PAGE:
Injury added to insult: ministers use only a group salvation prayer and tell people they are born again Because the Graham formula provides counseling and follow-up, the system can, in many cases, overcome the inherent dishonesty of telling all seekers they are born again. But what about the thousands of evangelists and pastors who use the altar call and group salvation prayer without offering counseling and follow-up? They don’t know what Billy Graham said about stages of gestation and getting a decision being only 5% of the work. All they know is having seekers walk to the altar and repeat a salvation prayer is the quickest and easiest way to get a conversion.
Modern ministers that use the group salvation prayer without altar counseling and follow-up have caused an epidemic of false conversions. History has repeated itself. Billy Sunday took the effective methods of Charles Finney and stripped them of the safeguard of effective counseling, and, in the process, changed the meaning of coming forward in an altar call from seeking salvation to being saved by virtue of the act. Modern ministers took the effective methods of Billy Graham and stripped them of the safeguard of effective counseling and extended follow-up, and, in the process, changed the meaning of repeating a salvation prayer from a first step in wanting to live for Christ to an irrevocable legal contract by which God is bound— while the seeker remains a free agent.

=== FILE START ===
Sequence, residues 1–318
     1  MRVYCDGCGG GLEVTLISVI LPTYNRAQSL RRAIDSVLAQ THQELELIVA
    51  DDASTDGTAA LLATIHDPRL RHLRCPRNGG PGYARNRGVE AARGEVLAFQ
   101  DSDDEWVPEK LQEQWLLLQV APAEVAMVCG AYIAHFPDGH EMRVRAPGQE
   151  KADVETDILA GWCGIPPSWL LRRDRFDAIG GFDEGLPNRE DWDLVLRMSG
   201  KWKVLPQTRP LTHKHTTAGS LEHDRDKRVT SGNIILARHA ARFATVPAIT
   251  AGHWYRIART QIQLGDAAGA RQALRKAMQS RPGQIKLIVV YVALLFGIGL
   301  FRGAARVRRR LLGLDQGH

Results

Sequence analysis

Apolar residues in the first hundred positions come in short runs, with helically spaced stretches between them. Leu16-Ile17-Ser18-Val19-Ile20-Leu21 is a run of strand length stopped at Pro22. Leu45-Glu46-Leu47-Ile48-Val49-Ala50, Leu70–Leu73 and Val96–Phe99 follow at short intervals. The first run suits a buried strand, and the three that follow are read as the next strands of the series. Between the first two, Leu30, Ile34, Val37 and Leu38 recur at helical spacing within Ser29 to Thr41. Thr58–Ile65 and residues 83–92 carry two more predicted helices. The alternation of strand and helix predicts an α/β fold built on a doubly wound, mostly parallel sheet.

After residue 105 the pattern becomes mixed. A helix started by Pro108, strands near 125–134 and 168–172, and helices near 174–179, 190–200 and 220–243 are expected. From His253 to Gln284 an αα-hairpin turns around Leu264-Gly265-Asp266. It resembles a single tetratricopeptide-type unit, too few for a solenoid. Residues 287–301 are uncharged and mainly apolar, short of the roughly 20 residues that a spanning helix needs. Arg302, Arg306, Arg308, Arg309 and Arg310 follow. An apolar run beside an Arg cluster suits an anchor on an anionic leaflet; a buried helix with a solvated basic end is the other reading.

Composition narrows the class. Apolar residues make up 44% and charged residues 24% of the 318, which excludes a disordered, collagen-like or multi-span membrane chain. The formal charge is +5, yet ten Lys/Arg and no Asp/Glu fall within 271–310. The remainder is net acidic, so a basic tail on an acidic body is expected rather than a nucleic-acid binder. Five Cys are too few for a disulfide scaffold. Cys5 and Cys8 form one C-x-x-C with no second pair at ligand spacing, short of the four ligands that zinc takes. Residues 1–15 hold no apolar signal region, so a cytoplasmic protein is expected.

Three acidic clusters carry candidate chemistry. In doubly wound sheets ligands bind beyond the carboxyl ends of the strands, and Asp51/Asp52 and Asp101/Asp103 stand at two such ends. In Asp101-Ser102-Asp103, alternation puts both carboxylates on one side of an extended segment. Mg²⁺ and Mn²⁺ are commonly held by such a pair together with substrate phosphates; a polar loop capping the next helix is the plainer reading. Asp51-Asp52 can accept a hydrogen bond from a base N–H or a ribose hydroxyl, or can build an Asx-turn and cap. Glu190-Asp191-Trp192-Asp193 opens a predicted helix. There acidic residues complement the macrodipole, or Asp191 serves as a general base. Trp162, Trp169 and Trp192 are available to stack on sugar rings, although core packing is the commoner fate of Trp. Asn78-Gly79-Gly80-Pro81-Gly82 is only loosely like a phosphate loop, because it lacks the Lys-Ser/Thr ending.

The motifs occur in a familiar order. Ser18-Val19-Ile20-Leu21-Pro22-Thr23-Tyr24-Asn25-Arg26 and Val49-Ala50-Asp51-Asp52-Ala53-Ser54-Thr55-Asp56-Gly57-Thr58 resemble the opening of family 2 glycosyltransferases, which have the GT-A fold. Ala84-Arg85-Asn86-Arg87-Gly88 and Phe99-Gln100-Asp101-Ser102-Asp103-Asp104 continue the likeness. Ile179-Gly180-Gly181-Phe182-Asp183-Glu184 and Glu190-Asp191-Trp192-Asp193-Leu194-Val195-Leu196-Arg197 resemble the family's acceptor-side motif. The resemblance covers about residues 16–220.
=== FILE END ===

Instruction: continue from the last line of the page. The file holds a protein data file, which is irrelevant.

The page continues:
American evangelical Christianity is in a lukewarm state for which revival seems unlikely. After one hundred years of automatic salvation for all who come to the altar, we’ve lost the desire—and the ability—to determine if people are truly Christian. When Charles Finney preached revivals in churches, people, including pastors, elders and deacons got saved. Many congregations were so far away from Biblical salvation that the Gospel seemed like a new revelation. We live in a similar time. Revivals take place when church people are born again. Every pastor should ask his congregation, “Was there ever a time in your life when you knew absolutely that God was working in you, helping you to overcome sin? Have you ever experienced the workings of the Holy Spirit? Have you ever known righteousness, and peace, and joy in the Holy Ghost? If not, I wonder if you are saved.” Churches need to change evangelism methods and theology